Higher Order Thinking Skills

Gamification is linked to improved critical thinking skills. A study conducted by Steinkuehler (2011) looked at the reading abilities of teenage boys and found that they were able to read above reading level during game play while scoring two years below grade level on traditional standardized tests. These findings point not to an issue with literacy, but to an issue with student engagement and the impact that disengagement can have on a student’s academic achievement. Similarly, the Computer Science Department at North Carolina State University created a digital game called Crystal Island to look at gaming and learning. This game requires students to work together to stop a disease from spreading by using investigation skills, making reasoned hypotheses and applying deductive reasoning skills.  The study revealed that students who played Crystal Island increased their scientific content knowledge far more than those who learned the same material traditionally. The study also found that low achievers were more comfortable and persistent in using trial and error to achieve their aims then they were in traditional assessments.

Improved Problem Solving Skills

Regular digital game play has been linked to increased brain matter, excellent multitasking skills, fluid intelligence required for problem solving and the ability to work together collaboratively.  Video games have also been shown to improve spatial awareness and/or map reading. In some games, students achieve flow. This is a psychological state where the individual is completely immersed in the task at hand and this focus contributes to improved performance.

Perspective Taking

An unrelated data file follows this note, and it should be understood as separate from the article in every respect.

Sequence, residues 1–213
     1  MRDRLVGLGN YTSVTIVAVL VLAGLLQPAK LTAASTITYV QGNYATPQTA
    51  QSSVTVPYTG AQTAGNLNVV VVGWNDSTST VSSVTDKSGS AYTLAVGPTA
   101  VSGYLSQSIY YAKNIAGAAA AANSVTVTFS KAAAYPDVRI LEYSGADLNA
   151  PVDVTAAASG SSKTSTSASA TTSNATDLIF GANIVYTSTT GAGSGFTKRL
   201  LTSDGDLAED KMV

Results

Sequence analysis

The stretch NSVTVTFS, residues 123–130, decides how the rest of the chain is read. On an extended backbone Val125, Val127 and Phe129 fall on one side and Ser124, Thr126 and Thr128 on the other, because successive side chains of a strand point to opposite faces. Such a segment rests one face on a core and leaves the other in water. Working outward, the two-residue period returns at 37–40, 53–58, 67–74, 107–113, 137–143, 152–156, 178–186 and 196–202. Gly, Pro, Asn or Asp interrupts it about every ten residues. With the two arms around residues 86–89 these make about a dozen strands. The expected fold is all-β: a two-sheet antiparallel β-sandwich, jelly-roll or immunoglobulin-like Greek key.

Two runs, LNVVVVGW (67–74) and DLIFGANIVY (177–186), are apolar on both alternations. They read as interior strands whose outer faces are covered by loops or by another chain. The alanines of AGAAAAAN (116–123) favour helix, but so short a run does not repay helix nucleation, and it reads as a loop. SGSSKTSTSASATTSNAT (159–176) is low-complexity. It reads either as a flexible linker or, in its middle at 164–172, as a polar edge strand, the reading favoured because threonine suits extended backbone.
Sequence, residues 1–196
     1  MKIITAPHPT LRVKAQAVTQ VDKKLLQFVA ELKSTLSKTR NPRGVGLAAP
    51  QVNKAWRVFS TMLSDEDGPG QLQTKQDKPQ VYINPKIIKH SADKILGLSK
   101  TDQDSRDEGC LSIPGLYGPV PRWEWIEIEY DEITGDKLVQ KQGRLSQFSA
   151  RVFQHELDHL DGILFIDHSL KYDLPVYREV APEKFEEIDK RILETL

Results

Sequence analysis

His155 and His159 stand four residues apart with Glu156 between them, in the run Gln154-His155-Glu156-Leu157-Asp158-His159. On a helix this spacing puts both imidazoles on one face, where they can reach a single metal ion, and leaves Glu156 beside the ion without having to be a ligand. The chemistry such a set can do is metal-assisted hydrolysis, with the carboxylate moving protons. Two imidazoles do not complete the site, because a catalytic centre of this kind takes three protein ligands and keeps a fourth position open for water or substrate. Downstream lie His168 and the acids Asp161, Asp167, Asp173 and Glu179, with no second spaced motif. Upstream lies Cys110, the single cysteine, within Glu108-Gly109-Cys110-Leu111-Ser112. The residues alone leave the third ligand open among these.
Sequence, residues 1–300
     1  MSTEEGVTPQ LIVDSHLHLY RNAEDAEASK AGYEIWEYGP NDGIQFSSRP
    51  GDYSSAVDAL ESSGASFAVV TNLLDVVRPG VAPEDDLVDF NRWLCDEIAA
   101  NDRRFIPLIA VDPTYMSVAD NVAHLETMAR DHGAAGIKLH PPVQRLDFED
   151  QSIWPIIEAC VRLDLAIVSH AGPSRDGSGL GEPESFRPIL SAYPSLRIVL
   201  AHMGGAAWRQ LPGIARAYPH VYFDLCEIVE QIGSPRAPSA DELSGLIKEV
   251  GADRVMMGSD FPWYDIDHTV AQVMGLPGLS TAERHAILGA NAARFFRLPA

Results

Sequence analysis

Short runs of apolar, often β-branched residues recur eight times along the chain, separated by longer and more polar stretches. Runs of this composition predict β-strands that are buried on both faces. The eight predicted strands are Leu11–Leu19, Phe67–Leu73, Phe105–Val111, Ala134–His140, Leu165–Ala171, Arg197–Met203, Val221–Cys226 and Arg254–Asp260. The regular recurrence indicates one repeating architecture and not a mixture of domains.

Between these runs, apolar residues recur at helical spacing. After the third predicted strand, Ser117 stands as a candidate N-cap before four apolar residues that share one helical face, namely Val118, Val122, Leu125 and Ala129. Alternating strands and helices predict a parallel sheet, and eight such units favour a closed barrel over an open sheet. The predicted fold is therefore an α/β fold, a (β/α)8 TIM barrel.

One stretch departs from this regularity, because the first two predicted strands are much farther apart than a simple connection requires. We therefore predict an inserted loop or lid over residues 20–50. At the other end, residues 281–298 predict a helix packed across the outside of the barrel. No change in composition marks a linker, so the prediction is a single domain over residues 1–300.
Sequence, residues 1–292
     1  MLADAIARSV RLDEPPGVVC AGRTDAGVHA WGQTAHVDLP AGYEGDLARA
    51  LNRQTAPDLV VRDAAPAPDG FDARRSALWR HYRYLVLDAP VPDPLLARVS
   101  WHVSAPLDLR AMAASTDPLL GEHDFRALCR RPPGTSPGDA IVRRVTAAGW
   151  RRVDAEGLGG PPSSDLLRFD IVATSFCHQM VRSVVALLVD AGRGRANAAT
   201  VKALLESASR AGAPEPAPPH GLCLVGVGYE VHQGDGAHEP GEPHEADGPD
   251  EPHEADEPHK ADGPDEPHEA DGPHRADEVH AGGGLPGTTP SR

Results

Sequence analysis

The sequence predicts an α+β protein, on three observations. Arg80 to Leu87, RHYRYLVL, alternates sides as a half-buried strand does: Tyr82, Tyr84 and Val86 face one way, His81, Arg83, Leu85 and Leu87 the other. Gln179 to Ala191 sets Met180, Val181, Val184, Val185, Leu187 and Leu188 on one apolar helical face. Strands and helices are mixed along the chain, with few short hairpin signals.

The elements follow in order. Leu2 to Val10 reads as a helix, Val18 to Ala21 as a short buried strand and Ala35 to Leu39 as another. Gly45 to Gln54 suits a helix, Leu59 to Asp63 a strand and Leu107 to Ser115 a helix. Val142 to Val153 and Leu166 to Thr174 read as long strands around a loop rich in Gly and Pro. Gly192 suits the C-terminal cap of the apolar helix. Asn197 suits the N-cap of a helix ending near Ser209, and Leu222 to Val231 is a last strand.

In the Peacemaker game students make real life decisions as either Israel or Palestine to respond to real world events. Cuhadar and Kampf (2014) conducted a cross-national experiment looking at the use of Peacemaker among Turkish, American, Israeli-Jewish and Israeli-Palestinian University students. All groups were required to play the game from both Israel’s and Palestine’s perspective. 147 students participated in the study. The study was used to assess how games like Peacemaker can influence perspective taking. Both American and Turkish students entered the game with a particular bias. In general American students were pro-Israel and Turkish students were pro-Palestine. This noticeably shifted after their participation in Peacemaker, as both American and Turkish students recognized the legitimacy of arguments raised by both Israel and Palestine after playing Peacemaker. Conversely, Israeli-Jewish and Israeli-Palestinian participants did not change their perspective after game-play. The study also revealed that all participants gained deeper knowledge of the conflict. Although, this simulation was not transformative for all participants it does provide positive insights into how these types of simulations can be used to educate and help students engage in peaceful conflict resolution. Similarly, having third parties gain a more impartial attitude, by breaking down misinformation is important. Overall, these types of simulations engage students in investigation, problem solving and decision making skills.